26/08/10 – I should have lubricated the sidestand when it first started getting stiff but I didn’t. The result is that it has worn VERY quicky and now fouls the swingarm in the folded position. I need to fix this properly with a welder and a grinder but for now I’m using a bungy to hold it away from the swingarm.
02/01/11 – The stand was removed ad a bead ow weld was run along both the frame and the inside of the stand pivot. Once ground down the stand was back to normal.
Electrical System & Lighting
My DR came to me with the huge rear light assembly already replaced with one from a DR250 (OEM on Australian models), LED licence plate lights and smaller indicators from a Buell.
The wires on the LED’s disintegrated when I touched them and so I replaced them with a 6 LED panel.
Headlight – Not riding at night is one of the golden rules of overland travel by motorcycle and I avoid it most of the time. There have been occasions though where I’ve been caught out and where I would really have benefitted from better lighting. However, as these times are few and far between I didn’t want to spend any money on expensive additional/replacement lights. The solution (though I’ll have to wait to prove it) seems to have come simply and cheaply in the form of a simple relay circuit and a better bulb. The theory: The stock headlight circuit uses small gauge wire connected through the switch to supply the headlight. This modification uses the OEM wiring to switch one of two relays (1 High beam, 1 Low) which in turn connect the headlight direct to the battery via larger gauge wires and an inline fuse. This system reduces the voltage drop to 0.1v; a drop of 1.0v can equate to a 25% reduction in the headlights ‘output. I also added a Phillips X-Treme headlight bulb of the OEM rating 60/55w.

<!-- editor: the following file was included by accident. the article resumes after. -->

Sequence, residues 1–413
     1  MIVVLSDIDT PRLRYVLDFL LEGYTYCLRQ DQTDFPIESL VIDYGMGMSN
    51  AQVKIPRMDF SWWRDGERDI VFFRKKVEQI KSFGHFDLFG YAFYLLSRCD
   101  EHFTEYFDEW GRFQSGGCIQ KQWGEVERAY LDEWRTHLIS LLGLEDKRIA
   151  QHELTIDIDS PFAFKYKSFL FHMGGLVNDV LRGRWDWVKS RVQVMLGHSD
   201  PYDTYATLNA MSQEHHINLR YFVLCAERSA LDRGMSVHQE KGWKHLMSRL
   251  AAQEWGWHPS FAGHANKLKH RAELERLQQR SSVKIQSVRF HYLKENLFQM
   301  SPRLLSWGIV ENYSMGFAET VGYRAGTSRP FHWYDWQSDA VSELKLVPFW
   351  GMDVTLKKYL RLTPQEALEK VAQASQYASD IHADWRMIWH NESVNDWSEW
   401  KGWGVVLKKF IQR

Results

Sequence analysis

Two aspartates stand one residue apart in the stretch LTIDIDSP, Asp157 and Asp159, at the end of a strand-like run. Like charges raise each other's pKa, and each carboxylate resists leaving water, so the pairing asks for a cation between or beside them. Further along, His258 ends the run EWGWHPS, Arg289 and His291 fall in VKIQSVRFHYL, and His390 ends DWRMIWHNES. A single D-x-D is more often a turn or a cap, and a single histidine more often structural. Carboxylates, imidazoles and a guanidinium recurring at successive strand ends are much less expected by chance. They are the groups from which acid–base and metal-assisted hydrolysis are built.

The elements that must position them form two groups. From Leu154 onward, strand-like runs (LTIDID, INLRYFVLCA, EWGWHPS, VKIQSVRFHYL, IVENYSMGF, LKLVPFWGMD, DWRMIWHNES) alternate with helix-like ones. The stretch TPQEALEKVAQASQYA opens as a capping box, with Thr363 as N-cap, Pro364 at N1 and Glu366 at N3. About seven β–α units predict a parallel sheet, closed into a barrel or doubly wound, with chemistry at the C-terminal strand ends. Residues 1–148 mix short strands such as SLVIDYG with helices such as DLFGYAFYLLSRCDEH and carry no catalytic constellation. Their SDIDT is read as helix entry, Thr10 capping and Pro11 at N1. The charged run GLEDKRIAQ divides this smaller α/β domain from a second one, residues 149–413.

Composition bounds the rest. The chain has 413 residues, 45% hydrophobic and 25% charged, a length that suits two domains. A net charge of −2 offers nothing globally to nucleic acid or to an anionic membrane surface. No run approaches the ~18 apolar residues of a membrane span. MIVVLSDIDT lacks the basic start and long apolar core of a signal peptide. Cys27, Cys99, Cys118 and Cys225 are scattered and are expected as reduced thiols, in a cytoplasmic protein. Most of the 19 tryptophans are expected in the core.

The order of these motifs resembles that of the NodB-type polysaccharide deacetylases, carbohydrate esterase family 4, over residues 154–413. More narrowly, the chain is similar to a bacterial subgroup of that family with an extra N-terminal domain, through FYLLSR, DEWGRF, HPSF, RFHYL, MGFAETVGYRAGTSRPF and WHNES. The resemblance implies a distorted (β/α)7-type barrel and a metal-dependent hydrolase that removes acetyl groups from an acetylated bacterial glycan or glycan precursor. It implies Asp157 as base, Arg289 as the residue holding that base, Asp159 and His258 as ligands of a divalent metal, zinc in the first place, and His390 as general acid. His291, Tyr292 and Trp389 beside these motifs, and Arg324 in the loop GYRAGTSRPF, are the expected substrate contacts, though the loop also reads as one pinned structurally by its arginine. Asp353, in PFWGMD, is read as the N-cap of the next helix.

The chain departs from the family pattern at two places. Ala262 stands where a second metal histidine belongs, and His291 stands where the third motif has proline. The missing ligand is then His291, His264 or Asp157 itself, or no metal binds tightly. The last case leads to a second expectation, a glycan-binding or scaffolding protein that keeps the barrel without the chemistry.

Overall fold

26/08/10 – I’ve ridden in the dark a few times over the past few months and have been very impressed with the mods so long as I keep the speed to 80km/h max.